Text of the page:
Why investigate the small stuff?

Heinrich-Pyramid

Eliminating the smaller stuff prevents the bigger stuff, that’s the bottom line.  Heinrich’s accident pyramid model (1), also known as Heinrich’s Law, was developed from his work in the insurance industry in the 1920’s and 1930’s.  The model estimates that for every major injury that occurs within an organization, there are 300 accidents without injuries. Transport Canada (2) has indicated that for every serious or disabling injury in an organization, there are 600 previous safety deficiencies and minor incidents that may or may not have been reported. Others have theorized that for every major accident, there are as many as 3,000 risky behaviours occurring within an organization. Fatigue can increase those risky behaviours.

Although the ratios vary, a review of accident statistics would show that there are far more smaller accidents and risky behaviours than major accidents.  Many of the relatively minor issues ultimately lead to major accidents. Preventing these smaller accidents and risky behaviours can have a beneficial impact on more serious accidents. Performing a fatigue risk assessment can efficiently and effectively reduce serious accidents by identifying and then reducing the fatigue related risks within an organization.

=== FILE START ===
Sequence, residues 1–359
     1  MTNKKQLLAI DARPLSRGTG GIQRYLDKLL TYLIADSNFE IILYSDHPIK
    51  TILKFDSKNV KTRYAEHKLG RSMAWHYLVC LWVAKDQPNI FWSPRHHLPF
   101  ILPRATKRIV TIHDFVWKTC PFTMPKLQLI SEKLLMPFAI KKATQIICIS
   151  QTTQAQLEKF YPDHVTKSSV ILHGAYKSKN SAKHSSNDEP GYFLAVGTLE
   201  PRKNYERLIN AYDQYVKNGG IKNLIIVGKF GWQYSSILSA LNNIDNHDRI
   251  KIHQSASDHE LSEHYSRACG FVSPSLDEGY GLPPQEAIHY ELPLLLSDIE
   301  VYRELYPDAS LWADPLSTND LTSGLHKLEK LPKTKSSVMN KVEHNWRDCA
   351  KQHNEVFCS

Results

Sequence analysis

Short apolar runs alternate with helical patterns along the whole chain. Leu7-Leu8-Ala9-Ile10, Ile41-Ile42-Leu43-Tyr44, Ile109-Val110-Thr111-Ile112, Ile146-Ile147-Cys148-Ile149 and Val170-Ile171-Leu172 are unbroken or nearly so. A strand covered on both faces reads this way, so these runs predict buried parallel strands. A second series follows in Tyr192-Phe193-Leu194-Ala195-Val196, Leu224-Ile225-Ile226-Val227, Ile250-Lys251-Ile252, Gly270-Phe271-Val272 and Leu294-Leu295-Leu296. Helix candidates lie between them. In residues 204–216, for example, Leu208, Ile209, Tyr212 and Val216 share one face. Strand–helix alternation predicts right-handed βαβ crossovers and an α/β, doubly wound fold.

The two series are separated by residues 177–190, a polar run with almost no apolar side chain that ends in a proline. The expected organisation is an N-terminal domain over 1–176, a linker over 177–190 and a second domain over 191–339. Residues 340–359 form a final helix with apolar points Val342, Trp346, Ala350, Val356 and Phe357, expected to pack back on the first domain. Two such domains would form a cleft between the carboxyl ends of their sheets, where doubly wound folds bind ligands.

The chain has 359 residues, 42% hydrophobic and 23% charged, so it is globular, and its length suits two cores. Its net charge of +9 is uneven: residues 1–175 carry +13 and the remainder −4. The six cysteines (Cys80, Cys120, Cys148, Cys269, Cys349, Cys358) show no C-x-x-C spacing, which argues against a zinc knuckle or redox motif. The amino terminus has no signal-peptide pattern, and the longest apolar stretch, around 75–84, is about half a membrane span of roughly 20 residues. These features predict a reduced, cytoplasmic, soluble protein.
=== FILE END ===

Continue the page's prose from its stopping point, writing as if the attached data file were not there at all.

References

(1)     Heinrich, H.W. (1931). Industrial accident prevention: A scientific approach. McGraw-Hill.
(2)     Transport Canada (2004) Safety Management Systems for Small Aviation Operations – A Practical Guide To Implementation (TP14135E), ISBN: 0-662-37996-9